I fell in love with the theater when I was six and directed my first play in the second grade. I double majored in Theater Arts and English Literature at Brown University where I spent four years fully immersed in the Theater Department. I started out sweeping the stage, acting and stage managing, anything to gain experience, training and work my way up the ladder. My tenure at Brown culminated with a production I directed of “Twelfth Night” that became legendary. After Brown, I moved to New York filled with that twenty-something brash drive that opens doors and generates opportunities. I knew that if I aspired to direct, I needed to direct, period. The only way up and forward is to be proactive. I was fortunate to have found mentors along the way whom I assisted with dedication and a fluid, positive disposition. In turn, they shared invaluable wisdom that enhanced my growing skill set. One of my mentors had become a sought-after television director. Through him, my newfound love for the camera began. While I managed to direct some thirty-five plays in New York, I found myself drawn to the more personal expression of cinematic story telling. Whereas theater is the playwright’s medium, film belongs to the director. I moved to Los Angeles and ironically directed my two longest running plays, garnering several Dramalogue awards. Though I hadn’t gone to film school, I was able able to capitalize on my strength and reputation as an “actor’s director” to break into television. The great Russian acting teacher Konstantin Stanislavski said, “Love the art in yourself, not yourself in the art.” Through my personal spiritual journey into my Jewish heritage, I discovered my true creative voice. My work shifted. I recognized that I wasn’t a “director for hire” but rather an auteur. My path to self-actualization compelled me to honor my deepest vision. I’ve directed three feature films that explore Jewish religious life. I’m planning to go into production this fall with “Meet the Shustermans”, a faith friendly dramedy that is relatable to a broad audience and resonates with the current spotlight on cultural diversity. Ethnic authenticity fused with universal themes are the components that can bring people together through film. I have many stories to tell and “miles to go before I sleep.”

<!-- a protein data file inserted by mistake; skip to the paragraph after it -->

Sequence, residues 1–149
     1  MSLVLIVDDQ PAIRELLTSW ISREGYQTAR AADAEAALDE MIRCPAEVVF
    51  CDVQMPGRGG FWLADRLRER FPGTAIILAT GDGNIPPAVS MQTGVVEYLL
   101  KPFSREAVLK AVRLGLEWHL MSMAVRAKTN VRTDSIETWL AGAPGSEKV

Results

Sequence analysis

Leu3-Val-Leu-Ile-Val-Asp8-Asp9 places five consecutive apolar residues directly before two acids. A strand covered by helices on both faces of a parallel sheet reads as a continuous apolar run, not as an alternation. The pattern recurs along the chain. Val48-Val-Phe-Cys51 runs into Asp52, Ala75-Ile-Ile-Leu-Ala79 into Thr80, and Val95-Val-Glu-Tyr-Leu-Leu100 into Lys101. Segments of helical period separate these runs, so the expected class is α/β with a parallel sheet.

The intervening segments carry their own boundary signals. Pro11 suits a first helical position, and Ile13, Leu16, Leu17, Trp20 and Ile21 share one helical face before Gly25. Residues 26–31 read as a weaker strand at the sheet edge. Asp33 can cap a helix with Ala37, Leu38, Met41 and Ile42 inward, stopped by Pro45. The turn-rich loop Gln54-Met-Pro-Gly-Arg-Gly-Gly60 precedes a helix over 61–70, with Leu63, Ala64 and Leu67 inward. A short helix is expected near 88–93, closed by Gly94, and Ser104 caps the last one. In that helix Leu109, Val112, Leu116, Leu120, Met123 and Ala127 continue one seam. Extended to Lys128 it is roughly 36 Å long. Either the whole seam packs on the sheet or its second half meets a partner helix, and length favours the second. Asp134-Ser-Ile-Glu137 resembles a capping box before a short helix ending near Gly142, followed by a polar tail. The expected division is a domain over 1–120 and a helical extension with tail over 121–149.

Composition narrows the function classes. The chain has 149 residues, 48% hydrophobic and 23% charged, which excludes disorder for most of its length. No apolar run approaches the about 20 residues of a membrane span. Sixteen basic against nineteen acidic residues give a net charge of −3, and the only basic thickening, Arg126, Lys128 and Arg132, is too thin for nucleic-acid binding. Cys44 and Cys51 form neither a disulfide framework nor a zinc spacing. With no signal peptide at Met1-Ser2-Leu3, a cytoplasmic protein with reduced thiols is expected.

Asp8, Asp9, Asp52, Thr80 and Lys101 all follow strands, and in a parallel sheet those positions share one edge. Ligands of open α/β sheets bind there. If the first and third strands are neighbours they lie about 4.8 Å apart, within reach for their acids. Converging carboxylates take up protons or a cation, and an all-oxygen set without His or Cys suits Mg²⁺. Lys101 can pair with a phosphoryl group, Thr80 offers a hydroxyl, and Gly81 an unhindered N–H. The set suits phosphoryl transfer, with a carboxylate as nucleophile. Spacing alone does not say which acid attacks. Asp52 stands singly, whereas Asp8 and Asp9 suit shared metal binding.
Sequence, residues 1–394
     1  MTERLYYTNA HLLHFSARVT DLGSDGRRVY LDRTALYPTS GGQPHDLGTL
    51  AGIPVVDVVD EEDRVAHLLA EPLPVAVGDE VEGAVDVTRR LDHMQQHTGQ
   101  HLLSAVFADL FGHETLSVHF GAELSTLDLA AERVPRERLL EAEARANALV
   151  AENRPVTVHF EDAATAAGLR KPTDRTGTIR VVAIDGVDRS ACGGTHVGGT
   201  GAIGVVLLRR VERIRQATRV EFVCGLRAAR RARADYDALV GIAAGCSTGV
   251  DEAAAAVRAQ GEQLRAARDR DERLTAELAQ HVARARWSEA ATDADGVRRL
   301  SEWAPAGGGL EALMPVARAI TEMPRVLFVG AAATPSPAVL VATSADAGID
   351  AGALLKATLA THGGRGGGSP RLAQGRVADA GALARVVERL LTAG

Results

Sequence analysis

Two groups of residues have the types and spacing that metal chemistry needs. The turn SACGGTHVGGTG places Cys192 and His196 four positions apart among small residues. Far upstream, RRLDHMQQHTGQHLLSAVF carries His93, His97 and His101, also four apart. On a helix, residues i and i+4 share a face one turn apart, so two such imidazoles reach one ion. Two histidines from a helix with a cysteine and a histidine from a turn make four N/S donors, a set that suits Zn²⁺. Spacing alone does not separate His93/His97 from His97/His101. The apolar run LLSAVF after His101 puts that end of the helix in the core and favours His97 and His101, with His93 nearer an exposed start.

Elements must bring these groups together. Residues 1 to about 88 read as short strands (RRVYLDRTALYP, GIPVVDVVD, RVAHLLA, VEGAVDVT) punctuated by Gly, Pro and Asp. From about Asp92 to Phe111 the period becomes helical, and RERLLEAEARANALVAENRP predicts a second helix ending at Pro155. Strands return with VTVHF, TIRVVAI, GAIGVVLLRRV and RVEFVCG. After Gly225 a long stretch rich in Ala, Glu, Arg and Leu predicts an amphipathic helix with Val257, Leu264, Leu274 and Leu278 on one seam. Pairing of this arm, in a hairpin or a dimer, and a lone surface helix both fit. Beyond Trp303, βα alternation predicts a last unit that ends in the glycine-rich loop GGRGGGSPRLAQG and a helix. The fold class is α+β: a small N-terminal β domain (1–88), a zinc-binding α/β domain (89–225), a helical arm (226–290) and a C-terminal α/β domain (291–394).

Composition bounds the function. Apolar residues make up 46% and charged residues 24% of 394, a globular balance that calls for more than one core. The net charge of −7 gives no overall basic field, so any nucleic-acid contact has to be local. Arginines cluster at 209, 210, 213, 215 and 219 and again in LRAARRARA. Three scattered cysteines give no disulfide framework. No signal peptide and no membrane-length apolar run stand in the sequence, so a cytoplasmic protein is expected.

If you had a friend visiting you, what are some of the local spots you’d want to take them around to?
I would take her on a ride up the Pacific Coast Highway so she could experience the beauty of the sea-foamed waves on her left and the Santa Mountains covered with wild flowers on her right, all the while inhaling the fragrant salty air. Perhaps we’d stop at Paradise Cove for a stroll along the sandy beach before heading north to Oxnard to enjoy a gourmet kosher lunch and wine tasting at the Herzog Winery’s Terra Sur. I’d recommend the corn chowder with grilled fish tacos and achiote marinade with some chilled Herzog Pinot Grigio to wash it down. Once back in the city, I’d take her on a kosher L.A. tour that would begin with lunch at the Milky Way, Steven Spielberg’s late mother’s restaurant. I’d regale her with stories of Leah Adler, whom I knew for many years, the petite dynamo with her silver Peter Pan pixie. I’m sure she’d love the restaurant’s decor— its picture/video homage to Leah and large framed posters of all of Steven’s movie’s. I’d also take her to the kosher corridor’s finest, i.e. Pico Boulevard, Pat’s and Shiloh’s, both excellent meat restaurants, and Trattoria Nathalie for a delicious dairy meal. But we would surely need a little R & R. I would take her to my favorite rejuvenation respite: Desert Hot Springs. We would either stay at the Tuscan Springs Hotel and Spa or Azure Palm Hot Springs Resort. We would take the waters, soak and swim in the curative mineral hot springs that are drawn straight from the desert earth. I would explain how beneath this hallowed spot lies a huge underground lake, the waters infused with lithium and a host of healing minerals.
Who else deserves some credit and recognition?
The Lubavitcher Rebbe, Rabbi Menachem Mendel Schneerson and Chabad Hasidic community.
The last image of me with my husband and kids: Monika Lightstone Photography